Mobile phone service in the Czech Republic


Mobile phone service in the Czech Republic is reliable and easy to use.  There are three mobile phone service providers in the Czech Republic: O2, Vodafone, and T-Mobile.  Each offers about the same services and prices.  I used T-Mobile because the Czech T-Mobile SIM cards work in my US T-Mobile phone, but I recently switched to O2 because they have a great prepaid Internet service for just 50 CZK/week.


Getting Started

If you are bringing your phone from the US make sure it is a GSM* phone and tri-band/quad-band.  Then all you need to do when you get to Czech is buy a prepaid SIM card (500 CZK), activate your phone (directions provided in English), and you are ready to make your first call.  The three providers have stores selling SIM cards, phones and other services all over Prague.  You will have trouble no trouble seeing one every time you wander around the city.


If you do not bring a phone from the US, cheap phones can be bought second hand at electronics shops throughout the city.  These stores are as abundant as the three providers’ locations, and almost everyone in Prague can give you directions to their favorite.  Used phones range in price from 1,000 CZK to 5,000 CZK, but there is no guarantee they will work after you leave the store.


Why Use Prepaid?

Here in the US you probably have noticed prepaid cellular service has not really caught on.  However, in Czech it was originally the only type of service widely available, and therefore extremely easy to use.  To use it you buy a SIM card for 500 CZK that has 300 CZK of prepaid credits.  When those credits are used up you buy a recharge card available at most newsstands and other shops throughout the city for 400 CZK.  Each recharge card gives you 400 CZK of additional credits to use.  There are other ways to add credits to your phone, including at some banks, on the Internet, and at some ATM machines.


Potential Problems (or why I bought 5 SIM cards before making my first call)

So the whole process sounds easy enough, right?  Well, here are some issues you might have to deal with.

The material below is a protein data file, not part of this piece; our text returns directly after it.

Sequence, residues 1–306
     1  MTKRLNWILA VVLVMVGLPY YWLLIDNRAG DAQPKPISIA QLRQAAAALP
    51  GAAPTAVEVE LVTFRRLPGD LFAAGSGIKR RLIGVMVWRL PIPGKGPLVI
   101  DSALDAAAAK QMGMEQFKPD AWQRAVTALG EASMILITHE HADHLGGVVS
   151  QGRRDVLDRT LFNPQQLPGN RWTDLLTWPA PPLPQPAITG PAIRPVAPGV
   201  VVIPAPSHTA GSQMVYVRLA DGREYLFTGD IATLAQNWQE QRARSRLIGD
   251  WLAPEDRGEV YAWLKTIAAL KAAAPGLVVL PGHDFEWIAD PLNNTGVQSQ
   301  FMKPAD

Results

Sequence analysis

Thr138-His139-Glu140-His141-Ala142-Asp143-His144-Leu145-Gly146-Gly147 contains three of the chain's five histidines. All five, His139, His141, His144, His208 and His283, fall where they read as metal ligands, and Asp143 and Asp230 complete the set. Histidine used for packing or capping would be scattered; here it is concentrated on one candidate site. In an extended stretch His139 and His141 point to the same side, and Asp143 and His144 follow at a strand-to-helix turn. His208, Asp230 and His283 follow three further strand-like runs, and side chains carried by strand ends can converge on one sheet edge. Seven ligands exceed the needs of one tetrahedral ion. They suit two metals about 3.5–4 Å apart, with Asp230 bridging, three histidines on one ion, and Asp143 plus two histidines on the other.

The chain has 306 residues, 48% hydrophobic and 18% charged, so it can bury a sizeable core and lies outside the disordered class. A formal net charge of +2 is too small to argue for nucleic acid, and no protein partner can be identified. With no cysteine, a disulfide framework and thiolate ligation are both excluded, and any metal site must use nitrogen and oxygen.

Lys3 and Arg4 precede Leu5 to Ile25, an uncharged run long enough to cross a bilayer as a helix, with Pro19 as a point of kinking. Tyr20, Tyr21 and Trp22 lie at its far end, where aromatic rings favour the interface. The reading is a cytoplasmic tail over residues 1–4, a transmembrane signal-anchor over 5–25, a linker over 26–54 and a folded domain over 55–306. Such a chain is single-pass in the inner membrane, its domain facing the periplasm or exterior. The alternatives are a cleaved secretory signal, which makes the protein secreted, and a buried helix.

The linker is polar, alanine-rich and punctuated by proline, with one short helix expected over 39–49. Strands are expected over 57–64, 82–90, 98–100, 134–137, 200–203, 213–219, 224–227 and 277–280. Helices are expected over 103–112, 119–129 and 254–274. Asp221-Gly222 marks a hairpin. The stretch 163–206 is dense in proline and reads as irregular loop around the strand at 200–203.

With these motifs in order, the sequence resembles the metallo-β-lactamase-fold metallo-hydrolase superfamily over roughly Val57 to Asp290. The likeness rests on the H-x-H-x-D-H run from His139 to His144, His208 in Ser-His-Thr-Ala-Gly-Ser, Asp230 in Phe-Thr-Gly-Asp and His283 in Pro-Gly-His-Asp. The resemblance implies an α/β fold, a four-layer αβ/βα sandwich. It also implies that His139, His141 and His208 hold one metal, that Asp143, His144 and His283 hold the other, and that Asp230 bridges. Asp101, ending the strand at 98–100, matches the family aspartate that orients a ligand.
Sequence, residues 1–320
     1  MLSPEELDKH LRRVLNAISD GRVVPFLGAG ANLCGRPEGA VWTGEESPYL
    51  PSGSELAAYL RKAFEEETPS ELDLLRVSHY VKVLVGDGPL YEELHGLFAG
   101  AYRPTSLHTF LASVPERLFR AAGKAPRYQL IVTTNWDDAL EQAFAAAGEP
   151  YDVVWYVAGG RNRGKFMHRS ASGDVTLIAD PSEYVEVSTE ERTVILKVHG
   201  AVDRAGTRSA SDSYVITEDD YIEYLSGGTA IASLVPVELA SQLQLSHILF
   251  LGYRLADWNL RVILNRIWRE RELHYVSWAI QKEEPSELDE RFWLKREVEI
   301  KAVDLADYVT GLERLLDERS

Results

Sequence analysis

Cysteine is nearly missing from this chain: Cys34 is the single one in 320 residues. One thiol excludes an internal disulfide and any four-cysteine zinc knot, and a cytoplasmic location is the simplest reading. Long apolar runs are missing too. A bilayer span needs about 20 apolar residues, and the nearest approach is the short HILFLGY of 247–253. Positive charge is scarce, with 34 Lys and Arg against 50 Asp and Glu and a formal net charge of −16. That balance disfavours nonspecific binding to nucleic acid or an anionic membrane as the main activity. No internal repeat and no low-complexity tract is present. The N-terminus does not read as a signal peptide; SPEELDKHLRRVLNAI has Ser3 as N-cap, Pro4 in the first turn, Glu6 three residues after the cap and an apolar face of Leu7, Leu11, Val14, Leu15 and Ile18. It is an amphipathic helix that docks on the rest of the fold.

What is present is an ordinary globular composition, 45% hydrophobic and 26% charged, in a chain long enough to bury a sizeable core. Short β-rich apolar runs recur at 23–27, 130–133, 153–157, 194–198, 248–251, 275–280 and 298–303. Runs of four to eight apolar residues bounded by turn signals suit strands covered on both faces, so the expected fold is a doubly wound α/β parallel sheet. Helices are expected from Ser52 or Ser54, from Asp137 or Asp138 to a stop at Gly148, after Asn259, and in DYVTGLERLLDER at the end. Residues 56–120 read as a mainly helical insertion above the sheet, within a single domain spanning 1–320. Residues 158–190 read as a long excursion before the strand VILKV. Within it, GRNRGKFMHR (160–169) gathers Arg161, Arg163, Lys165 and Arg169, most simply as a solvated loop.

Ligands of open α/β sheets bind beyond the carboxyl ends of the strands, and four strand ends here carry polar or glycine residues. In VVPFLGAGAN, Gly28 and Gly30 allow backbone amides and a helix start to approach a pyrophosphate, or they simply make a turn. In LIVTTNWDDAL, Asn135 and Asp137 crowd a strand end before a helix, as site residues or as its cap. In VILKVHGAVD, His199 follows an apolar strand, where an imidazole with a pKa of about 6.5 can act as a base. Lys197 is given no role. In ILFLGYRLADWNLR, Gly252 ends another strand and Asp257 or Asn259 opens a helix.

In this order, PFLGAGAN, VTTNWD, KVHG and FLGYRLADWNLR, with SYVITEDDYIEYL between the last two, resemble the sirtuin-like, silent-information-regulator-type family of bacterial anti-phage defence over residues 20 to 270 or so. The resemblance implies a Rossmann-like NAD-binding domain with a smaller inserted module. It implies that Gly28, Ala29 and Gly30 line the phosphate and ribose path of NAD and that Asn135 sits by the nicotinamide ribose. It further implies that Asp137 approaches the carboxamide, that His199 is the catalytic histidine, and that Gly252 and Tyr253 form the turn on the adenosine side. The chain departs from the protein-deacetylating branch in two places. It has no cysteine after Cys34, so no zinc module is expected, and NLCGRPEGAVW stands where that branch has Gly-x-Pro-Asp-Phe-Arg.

1. Your phone may not be a tri-band or quad-band phone.  In the US we use a 1900 MHz network; in Czech they use a 900/1800 MHz network.  Your owner’s manual or local cellular company or cell phone dealer can tell you if your phone is a dual-band or tri-band phone.
  2. If you got your phone for free or at a reduced price when you signed up for your cellular service in the US, it probably has a SIM lock, meaning it won’t work with other providers’ SIM cards.  This problem is not so easy to overcome, unless you have T-Mobile service.  After being a T-Mobile customer for three months, they will provide you with the code you need to unlock your phone.  If you bought your phone separate from your provider (i.e. you paid retail), it is most likely unlocked and will work with any SIM card.  If you buy a phone in Prague, make sure it is not locked to a sole-provider’s SIM cards by testing it with your SIM card before you complete the purchase.
  3. After installing your Czech SIM card, your phone might not automatically detect the network.  On my Samsung phone it automatically switched to the 900/1800 network, on my Motorola phone I had to manually go into the phone settings and change the network frequency.


T - Mobile



Twist Prepaid




O2 Prepaid





Vodafone Prepaid


* Global System for Mobile Communications. Digital cell phone system used throughout Europe based on TDMA. Introduced SIM card and short messaging (SMS).  In the USA this standard is used by AT&T and T-Mobile, but not Verizon and Sprint which use CDMA.